"It is a pleasure to read this book. It should serve well different audiences. It perfectly suits as a text book to learn Lie theory, including Lie groups, representation theory, and structure theory of Lie algebras. The absense of misprints and errors as well as the long collection of problems including hints at the back of the book make it suitable for self-study. . . At the end there are a lot of enlightening historical remarks, references, and additional results which can serve as a guide for further reading.  The book has two good indices. Specialists will be able to use it as a reference for formulation and proofs of the basic results but also for details concerning examples of semisimple groups."

---ZAA

From the Back Cover

Lie Groups Beyond an Introduction takes the reader from the end of introductory Lie group theory to the threshold of infinite-dimensional group representations. Merging algebra and analysis throughout, the author uses Lie-theoretic methods to develop a beautiful theory having wide applications in mathematics and physics. A feature of the presentation is that it encourages the reader's comprehension of Lie group theory to evolve from beginner to expert: initial insights make use of actual matrices, while later insights come from such structural features as properties of root systems, or relationships among subgroups, or patterns among different subgroups.

Topics include a description of all simply connected Lie groups in terms of semisimple Lie groups and semidirect products, the Cartan theory of complex semisimple Lie algebras, the Cartan-Weyl theory of the structure and representations of compact Lie groups and representations of complex semisimple Lie algebras, the classification of real semisimple Lie algebras, the structure theory of noncompact reductive Lie groups as it is now used in research, and integration on reductive groups. Many problems, tables, and bibliographical notes complete this comprehensive work, making the text suitable either for self-study or for courses in the second year of graduate study and beyond.


Product Details

  • Hardcover: 812 pages
  • Publisher: Birkhäuser; 2nd edition (October 7, 2002)
  • Language: English
  • ISBN-10: 0817642595
  • ISBN-13: 978-0817642594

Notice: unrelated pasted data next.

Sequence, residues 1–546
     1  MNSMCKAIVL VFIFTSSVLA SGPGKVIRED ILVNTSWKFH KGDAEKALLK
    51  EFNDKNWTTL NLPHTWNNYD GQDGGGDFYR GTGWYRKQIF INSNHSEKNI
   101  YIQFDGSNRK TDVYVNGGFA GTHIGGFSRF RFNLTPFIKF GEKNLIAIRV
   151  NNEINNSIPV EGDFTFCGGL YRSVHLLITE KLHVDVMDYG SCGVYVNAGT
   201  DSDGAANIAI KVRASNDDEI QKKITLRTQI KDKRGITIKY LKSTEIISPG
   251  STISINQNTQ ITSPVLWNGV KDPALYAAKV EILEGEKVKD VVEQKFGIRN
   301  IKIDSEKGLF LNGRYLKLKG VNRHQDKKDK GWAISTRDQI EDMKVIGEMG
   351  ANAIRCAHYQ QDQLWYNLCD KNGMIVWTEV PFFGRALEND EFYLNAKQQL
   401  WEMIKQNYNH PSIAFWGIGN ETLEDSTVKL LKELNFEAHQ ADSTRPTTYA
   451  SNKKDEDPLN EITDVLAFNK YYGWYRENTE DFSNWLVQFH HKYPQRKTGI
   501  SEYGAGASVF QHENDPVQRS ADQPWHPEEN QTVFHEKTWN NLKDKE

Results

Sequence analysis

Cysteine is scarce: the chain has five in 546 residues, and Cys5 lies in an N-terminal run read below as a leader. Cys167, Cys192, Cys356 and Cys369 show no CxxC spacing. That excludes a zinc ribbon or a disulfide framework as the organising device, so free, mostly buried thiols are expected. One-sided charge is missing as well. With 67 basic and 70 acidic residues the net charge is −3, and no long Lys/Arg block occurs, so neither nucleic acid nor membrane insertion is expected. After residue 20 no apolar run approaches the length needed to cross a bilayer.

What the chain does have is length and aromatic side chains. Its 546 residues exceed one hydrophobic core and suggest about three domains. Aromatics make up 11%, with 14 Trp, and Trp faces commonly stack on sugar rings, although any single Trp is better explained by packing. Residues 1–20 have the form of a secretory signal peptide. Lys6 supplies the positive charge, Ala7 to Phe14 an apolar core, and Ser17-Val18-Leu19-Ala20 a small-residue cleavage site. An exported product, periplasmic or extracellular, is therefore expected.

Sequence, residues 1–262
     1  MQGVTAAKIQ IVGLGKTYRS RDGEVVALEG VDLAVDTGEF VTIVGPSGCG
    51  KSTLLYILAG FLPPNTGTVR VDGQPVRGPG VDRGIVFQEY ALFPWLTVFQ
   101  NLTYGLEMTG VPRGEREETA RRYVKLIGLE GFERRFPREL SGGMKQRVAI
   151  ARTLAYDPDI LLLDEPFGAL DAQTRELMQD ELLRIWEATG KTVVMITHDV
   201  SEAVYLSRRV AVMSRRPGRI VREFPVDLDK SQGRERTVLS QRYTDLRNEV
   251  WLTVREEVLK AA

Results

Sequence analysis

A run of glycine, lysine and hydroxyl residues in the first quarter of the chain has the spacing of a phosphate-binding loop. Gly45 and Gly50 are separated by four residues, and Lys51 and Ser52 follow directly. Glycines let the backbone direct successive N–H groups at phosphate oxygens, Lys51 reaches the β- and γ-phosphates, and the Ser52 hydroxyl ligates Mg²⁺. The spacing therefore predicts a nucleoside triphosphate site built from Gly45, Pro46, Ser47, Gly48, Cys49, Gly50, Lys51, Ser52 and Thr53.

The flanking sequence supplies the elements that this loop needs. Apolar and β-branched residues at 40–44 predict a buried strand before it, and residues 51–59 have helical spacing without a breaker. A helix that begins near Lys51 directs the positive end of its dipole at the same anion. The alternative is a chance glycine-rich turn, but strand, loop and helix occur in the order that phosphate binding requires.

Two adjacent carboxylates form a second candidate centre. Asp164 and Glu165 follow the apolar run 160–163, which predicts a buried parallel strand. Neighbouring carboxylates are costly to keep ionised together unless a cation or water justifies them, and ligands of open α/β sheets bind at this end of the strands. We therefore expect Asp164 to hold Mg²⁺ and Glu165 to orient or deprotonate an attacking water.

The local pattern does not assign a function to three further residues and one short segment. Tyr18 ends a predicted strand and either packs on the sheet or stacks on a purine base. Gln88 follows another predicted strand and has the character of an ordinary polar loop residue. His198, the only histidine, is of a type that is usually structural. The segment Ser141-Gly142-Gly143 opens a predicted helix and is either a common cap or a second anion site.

• Product Dimensions: 9.6 x 6.2 x 1.7 inches
  • Shipping Weight: 3 pounds (View shipping rates and policies)
  • Average Customer Review: 5.0 out of 5 stars  See all reviews (2 customer reviews)
  • Amazon Best Sellers Rank: #875,147 in Books (See Top 100 in Books)

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Most Helpful Customer Reviews
76 of 79 people found the following review helpful
Format:Hardcover
The short version: this is a superbly written and conceived book; if I had to learn this material (the basic theory of
structure and representation of Lie algebras and groups,
especially semimsimple ones) from a single book, this is
the one I'd choose, among those I've seen. If you know the
basics of abstract algebra and some very basic concepts from
topology and manifolds, and you want to learn this material,
use this book. It would be a good reference, too, as it is
easy to find things in it, and takes a fairly modern, sophisticated approach (without sacrificing motivation and
intuition).
The long version, if you want more convincing or details:
I have used several books recently in learning the structure and
representation theory of Lie algebras and groups (especially Humphreys' Introduction to Lie algebras and representation theory, Fulton
and Harris' "Representation Theory," Varadarajan's "Lie groups,
Lie algebras, and their representations.") Although I came to Knapp's book with a decent background from the others, I think it's the best pedagogically, for someone with a modicum of mathematical sophistication and some basics like abstract
algebra and an idea of what a smooth manifold is), and a smattering of Lie theory. Some examples of the book's strength:
Elementary but potentially confusing concepts (like complexification, real forms, field extensions)
are explained thoroughly but in a sophisticated way, rather
than viewed as obvious.
Read more ›
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3 of 3 people found the following review helpful
5.0 out of 5 stars Fantastic book September 22, 2012
By Andy
Format:Hardcover|Verified Purchase
I can't recommend this book highly enough. I have learned a lot of Lie theory from the book and I continue to use the book as a reference.

I first used this book to learn about Lie groups while I was a graduate student studying Riemannian geometry. Before starting this book I had taken a first course in Lie groups and had read Humphrey's Lie algebras book. I am unsure how well it would serve as an introduction to Lie groups, but with my background I found the book to be very accessible. The book provides complete proofs and rarely skips any steps in arguments, making it a great book to learn from. I also really liked the fact that all the results about Lie algebras are proved only for the real and complex numbers. This made those sections worth reading, even if you know these results and their proofs for more general fields.

Over the past year, I have also used the book as a reference book and it works great in this sense to. Many chapters start with recalling the notation from the previous chapters or recalling what results were needed to prove these results. This is a really great feature that is surprisingly missing from a lot of math books. Knapp is also very careful about citing the previous lemmas he uses and so it is painless to pick up the book and start reading anywhere.